7.
    Lower Dens | “To Die in L.A.”

    This song just feels like you’re running away from something, anything, and heading West where the sun sets behind the infinite Pacific and the past can be washed away. The chorus is just a repeated mantra, “Time will turn the tide” like a meditative affirmation that everything will be just fine even if it won’t.



    6.
    Tobias Jesso, Jr. | “True Love”

    Tobias Jesso, Jr. seemingly appeared out of nowhere with this heartbreaking song aptly titled “True Love” about two real people trying to make ends meet and just barely getting by because they truly, truly love each other. Jesso’s self-recorded singles quickly garnered him Internet fame, a record deal, and the opportunity to co-write the ballad “When We Were Young” with Adele on one of the biggest albums of all time.



    5.
    Peaches | “Dumb Fuck”

    The most straightforward pop song on Peaches’ 2015 album “Rub” has a thumping bass and heavy synths that slowly build until the chanting chorus “You Dumb Fuck!” It has all the veracity of “sucking on my titties like you wanted me” without losing any of the provocative catchiness that can only be mastered by the one and only Peaches.



    4.
    Chromatics | “Girls Just Want To Have Fun” / “Girls Just Wanna Have Some”

    Ok, it might be cheating to throw two songs as a single entry on this list, but really these two very different covers of Cyndi Lauper’s legendary bratty pop masterpiece are companion pieces and really should never be too far apart. The cover art of the Chromatics’ single is has split photos of model icons Kate Moss & Cara Delevingne as the song was originally created for a Mango fashion ad. The ad features the upbeat version, which is true to the original, but the alternate version is a downbeat sultry cover that is throws the song into an entirely new context. I’d say the former is Cara’s and the latter’s is Kate, but hey, maybe that’s just me and my fantasies.


     



    3.
    Chvrches | “Leave a Trace”

    The lead single from their 2015 album “Every Open Eye” is evokes the power of many an anthemic Chvrches song. The bridge refrain’s only two words are “I Know” repeated as if singer Lauren Mayberry is shaking her head at herself in the mirror, angry but not hopeless. It’s freeing, it’s liberating, it’s leaving the past behind and leaning forward.



    2.
    Grimes | “California”

    Grime’s latest album “Art Angels” is being heralded as one of the best releases this year. For such a happy, upbeat song she sings about California only liking her when she looks sad. In an interview with siriusXM she explained that part of this song is about how indie music journalists will obscure her narratives and misinterpret her lyrics and write about how she has less control of her aesthetic and art than she really does… which is all of it.



    1.
    Tame Impala | “The Less I Know The Better”

    No song has better encapsulated the “ignorance is bliss” mantra better than this one. Psych-pop virtuoso Kevin Parker told Under The Radar earlier this year that “The Less I Know The Better” shouldn’t be on a Tame Impala album because it has this “dorky, white disco funk." That funk is exactly the sound that propelled his band’s latest album “Currents” to the number 4 spot on the Billboard 200.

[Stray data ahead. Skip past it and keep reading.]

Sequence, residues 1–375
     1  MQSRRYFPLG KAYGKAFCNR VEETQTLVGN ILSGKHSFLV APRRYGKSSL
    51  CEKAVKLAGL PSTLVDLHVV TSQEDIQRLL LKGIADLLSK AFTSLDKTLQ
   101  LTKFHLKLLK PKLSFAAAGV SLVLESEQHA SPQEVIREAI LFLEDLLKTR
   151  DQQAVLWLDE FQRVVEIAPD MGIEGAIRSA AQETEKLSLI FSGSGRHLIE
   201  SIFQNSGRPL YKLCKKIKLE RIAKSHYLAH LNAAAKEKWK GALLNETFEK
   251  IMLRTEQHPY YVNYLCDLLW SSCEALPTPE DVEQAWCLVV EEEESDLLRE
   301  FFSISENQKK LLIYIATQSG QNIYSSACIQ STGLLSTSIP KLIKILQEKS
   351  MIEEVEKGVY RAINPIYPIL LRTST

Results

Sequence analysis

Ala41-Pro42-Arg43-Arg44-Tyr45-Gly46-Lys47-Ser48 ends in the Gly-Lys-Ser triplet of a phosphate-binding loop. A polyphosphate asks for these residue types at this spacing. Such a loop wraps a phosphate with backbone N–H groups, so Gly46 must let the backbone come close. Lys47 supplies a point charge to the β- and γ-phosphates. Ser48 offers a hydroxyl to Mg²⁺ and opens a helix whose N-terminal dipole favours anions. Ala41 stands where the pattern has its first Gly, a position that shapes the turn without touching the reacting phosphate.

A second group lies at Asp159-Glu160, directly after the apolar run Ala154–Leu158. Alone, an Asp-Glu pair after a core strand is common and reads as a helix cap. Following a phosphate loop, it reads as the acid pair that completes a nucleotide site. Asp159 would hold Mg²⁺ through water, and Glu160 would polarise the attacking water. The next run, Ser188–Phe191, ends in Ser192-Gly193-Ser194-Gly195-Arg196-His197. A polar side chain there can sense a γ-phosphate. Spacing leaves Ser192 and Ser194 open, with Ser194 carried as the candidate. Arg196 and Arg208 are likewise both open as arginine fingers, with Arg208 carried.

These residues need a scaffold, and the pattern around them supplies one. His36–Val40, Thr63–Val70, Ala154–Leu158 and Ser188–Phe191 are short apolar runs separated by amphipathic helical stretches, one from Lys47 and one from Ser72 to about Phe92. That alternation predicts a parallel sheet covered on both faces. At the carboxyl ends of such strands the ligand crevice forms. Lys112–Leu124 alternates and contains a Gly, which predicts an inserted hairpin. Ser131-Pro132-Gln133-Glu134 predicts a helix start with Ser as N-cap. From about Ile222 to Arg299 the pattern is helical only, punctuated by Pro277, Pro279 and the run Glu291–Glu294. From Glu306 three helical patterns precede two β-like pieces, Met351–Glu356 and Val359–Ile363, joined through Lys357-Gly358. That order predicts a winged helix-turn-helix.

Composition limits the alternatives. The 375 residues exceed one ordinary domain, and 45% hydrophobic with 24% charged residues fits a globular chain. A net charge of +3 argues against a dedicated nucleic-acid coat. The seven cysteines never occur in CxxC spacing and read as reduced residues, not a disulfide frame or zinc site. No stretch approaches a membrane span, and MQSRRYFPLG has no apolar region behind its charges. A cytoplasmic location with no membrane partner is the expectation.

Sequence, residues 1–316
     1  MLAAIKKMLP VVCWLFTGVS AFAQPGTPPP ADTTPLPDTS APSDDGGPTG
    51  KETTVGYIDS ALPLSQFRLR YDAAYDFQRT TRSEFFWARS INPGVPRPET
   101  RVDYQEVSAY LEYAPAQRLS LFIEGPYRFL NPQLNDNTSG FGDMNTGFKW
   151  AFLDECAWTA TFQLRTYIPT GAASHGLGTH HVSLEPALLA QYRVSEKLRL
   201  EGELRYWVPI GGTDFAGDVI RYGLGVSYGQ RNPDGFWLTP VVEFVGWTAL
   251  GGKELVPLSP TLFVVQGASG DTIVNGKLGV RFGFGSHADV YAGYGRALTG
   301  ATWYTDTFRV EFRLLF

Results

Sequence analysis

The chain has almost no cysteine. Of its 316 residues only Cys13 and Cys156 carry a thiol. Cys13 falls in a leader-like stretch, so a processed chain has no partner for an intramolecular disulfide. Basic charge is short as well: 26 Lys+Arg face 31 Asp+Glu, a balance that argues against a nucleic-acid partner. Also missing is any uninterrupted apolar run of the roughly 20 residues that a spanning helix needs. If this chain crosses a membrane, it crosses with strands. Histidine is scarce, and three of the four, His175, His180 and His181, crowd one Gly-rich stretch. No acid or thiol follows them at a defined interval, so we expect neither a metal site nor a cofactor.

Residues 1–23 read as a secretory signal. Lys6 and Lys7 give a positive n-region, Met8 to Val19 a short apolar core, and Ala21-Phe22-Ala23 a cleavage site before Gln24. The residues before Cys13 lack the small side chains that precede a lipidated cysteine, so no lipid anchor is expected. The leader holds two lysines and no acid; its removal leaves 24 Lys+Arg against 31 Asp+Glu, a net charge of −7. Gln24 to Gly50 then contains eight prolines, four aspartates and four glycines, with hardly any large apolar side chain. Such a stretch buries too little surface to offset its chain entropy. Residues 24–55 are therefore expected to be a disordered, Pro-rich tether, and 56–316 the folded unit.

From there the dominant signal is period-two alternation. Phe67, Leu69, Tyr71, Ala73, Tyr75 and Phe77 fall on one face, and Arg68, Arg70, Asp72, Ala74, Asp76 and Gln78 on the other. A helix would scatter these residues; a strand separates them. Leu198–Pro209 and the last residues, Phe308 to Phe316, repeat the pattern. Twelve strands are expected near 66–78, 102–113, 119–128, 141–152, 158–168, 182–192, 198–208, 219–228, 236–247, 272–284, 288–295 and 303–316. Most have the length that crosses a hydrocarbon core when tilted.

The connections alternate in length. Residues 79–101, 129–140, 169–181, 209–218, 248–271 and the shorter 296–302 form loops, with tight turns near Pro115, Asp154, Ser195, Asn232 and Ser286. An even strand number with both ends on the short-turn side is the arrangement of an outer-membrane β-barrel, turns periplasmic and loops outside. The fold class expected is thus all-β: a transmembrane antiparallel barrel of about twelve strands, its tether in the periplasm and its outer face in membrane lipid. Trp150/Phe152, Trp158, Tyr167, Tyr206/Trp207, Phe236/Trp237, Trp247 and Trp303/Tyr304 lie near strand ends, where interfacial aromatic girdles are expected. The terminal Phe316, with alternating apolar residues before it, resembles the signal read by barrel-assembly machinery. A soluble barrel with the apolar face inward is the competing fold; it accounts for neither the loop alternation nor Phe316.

13. Upvote
    aarondmiller got a reaction from DMVofficial in The 30 Best Songs You May Have Missed in 2015   
    Here are 30 songs you could be listening to instead of "Hello" or "Hotline Bling."




    2015 was a year filled with inescapable mega-hits from pop phenomenons like Adele, Justin Bieber, Nicki Minaj, and Drake. The songs that dominated the airwaves always take the forefront of the music conversation. The songs become cultural touchstones. The artists become famous paparazzi-hounded icons. What often gets eclipsed are the diamonds in the rough. There is so much #Content on the interwebz that great songs can often be released to little or no attention, but that absolutely does not mean they do not deserve some recognition. Below is a list of 30 songs that were largely slept on but it's time to wake up and give credit where credit is due.
    30.
    The Weeknd | “Tell Your Friends”

    Abel Tesfaye’s lyrics are at their most blatantly obvious, comically ignorant, and familiarly debaucherous in “Tell Your Friends.” They hit critical mass with the final line of the chorus acting as a declaration of his notorious identity: “I'm that nigga with the hair / Singing 'bout popping pills, fucking bitches, living life so trill.” Kanye West helped produce this bleak soulful burner, the closest thing The Weeknd gets to a romantic ballad.



    29.
    Shamir | “Demon”

    Las Vegas native Shamir’s just-left-of-center pop debut “Ratchet” employs bouncy synths and 808 drum kicks while he gently sings about sins, mistakes, the fast lane, and late night young love. “Demon” bops around telling the story of Shamir and his partner in crime, “If I'm a demon, baby / You're the beast that made me.”



    28.
    Empress Of | “Make Up”

    Empress Of, aka Lorely Rodriguez, has been classified in every genre from indie rock to experimental pop to avant-R&B, which goes to show just how talented and versatile a songwriter she is. Her 2015 album simply titled “Me” highlights her ability to shift through styles while still creating a single cohesive piece. The alternating synths and grand piano keys lined up with the deep percussion on “Make Up” are only matched by the sexiness of her lyrics, “Nothing comes between us/ But a piece of latex/ When you tear my clothes off/ Like I was a paycheck."